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Faculty Profile

Jean-Pierre Karegeye

Visiting International Scholar in Philosophy (2017)

Contact Information

karegeyj@dickinson.edu

Bio

Dr. Karegeye is currently visiting scholar in Philosophy at Dickinson College. The primary focus of his teaching and research is Francophone literature, African Philosophy and Theology in dialogue with other disciplines and multiple fields of Study, including in-depth analysis of genocide, Testimonial narratives, Religious extremism, gender, and diaspora. Solid experience in teaching at multiple levels with particular expertise in constructing courses, tracing common elements across disciplines including Literature, Philosophy, Social Ethics, Critical Theory, Religion, Sociology, History, and Communications. Some of his current projects explore how genocide and religious radicalization in Africa imply a reconstruction and a relocation of social sciences and humanities. He has (co-) authored six books and journals and more than 50 articles including Children in Armed Conflicts (2012), “Ruanda : de la literatura post-genocidio o el dialogo entre testimonio y compromiso” (2012) , “Génocide au Rwanda et la critique africaine contemporaine” (2016), (With Margee Ensign), Religion in War and Peace in Africa ( Routledge, 2020) He is a regular commentator on Voice of America in various programs including “Dialogue des religions”, “L’Amérique et nous”, and “Washington Forum”

Education

  • M.A., University of California at Berkeley, 2004
  • Ph.D., 2009

2019-2020 Academic Year

Spring 2020

RELG 210 Religions of Africa
Cross-listed with AFST 220-06 and SOCI 230-05.

AFST 220 Religions of Africa
Cross-listed with RELG 210-01 and SOCI 230-05.The course examines the variety of religious experiences, traditions, and representations of religion in African cultures. These include indigenous religions, Islam, Christianity and syncretistic traditions. We will examine the various roles that religion plays in responding to current crises facing African cultures, including HIV/AIDS pandemic, political conflicts, and issues related to gender (e.g., girls' education, shifting perspectives on masculinity and femininity) that have been shaped by religious attitudes. Students will use novels, memoir and film to supplement scholarly readings.

ENGL 222 Of A Beautiful Mind
Cross-listed with PHIL 261-04 and FREN 362-01. A 2012 New York Times article entitled “Is Philosophy Literature?” raised the following question: “Do people read philosophy for pleasure?” The question clearly suggests that the article’s author links “pleasure” to literature. Indeed, in a general manner, literature is understood as a work of aesthetic language and, above all, imagination through its narrative, spatiotemporal, mythical, and symbolic manifestations. There are those who would assert that philosophy is reflection on the whole of reality- the study of ideas about knowledge. In other words, literature refers to the “beauty” and philosophy suggest “reason”; however, these distinctions about pleasure and knowledge/rationality are neither radical nor absolute. Conversely, we may explore how literature makes you think and how philosophy delves into interpretation of Literature. While distinct, the two disciplines have always been in dialogue. This course will scrutinize the encounter or dialogue between literary and philosophical texts in light of critical theory, as well as through the examination of case-topics (e.g. moral choices, human freedom, existence, commitment). Readings will include writings by Plato, Aristotle, Voltaire, Jean-Paul Sartre, Roland Barthes, Michel Foucault, Jacques Derrida, Gérard Genette, Paul Ricoeur, Simone de Beauvoir, Aimé Césaire, Mudimbe. We will follow three axes: - The discovery of literature as a vehicle for philosophical ideas - A discussion of philosophical content posed by the literature in view - A discussion of critical theories that blend literature and philosophy, including Narratology, (Post-)Structuralism, Phenomenology, Deconstruction, Post colonial and Feminist studies. This course is taught in English. Students from the French department are required to write their papers in French and to meet every three weeks, for an hour, for a ‘Café philo-littéraire’ that will consist of discussing in French student’s papers written in French and of revisiting “French Theory”.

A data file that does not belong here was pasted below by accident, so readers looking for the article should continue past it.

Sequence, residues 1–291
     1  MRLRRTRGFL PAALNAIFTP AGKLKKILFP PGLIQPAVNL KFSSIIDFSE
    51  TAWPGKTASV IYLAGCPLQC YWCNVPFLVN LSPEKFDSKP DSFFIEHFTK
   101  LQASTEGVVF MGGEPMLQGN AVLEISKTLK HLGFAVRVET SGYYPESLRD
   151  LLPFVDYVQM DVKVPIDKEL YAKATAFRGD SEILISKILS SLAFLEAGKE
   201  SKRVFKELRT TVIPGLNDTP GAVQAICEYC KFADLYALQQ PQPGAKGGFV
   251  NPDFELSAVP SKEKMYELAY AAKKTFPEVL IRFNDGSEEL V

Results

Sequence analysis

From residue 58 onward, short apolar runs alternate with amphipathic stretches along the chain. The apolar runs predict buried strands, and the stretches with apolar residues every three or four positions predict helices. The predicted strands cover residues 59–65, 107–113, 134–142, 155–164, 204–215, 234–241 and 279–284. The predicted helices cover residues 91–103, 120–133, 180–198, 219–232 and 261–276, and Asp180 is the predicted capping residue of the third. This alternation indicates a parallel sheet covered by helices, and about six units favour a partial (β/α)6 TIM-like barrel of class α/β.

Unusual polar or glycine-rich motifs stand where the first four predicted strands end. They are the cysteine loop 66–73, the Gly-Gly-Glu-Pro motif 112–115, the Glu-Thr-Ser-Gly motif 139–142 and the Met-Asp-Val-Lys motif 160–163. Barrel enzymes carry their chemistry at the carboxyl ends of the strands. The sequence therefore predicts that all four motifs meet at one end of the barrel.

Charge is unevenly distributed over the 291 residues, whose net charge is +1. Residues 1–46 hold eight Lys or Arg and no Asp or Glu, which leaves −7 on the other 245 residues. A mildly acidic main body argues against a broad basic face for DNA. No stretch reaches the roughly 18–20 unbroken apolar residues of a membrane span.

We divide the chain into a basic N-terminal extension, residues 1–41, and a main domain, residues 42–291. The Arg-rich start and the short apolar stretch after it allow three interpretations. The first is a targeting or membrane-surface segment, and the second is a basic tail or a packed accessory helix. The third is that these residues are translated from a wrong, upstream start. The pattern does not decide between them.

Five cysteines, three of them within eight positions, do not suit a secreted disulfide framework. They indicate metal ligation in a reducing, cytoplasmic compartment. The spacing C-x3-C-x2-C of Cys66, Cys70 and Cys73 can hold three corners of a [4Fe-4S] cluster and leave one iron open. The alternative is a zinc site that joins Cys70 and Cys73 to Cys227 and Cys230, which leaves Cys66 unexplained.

SOCI 230 Religions of Africa
Cross-listed with RELG 210-01 and AFST 220-06.The course examines the variety of religious experiences, traditions, and representations of religion in African cultures. These include indigenous religions, Islam, Christianity and syncretistic traditions. We will examine the various roles that religion plays in responding to current crises facing African cultures, including HIV/AIDS pandemic, political conflicts, and issues related to gender (e.g., girls' education, shifting perspectives on masculinity and femininity) that have been shaped by religious attitudes. Students will use novels, memoir and film to supplement scholarly readings.

PHIL 261 Of a Beautiful Mind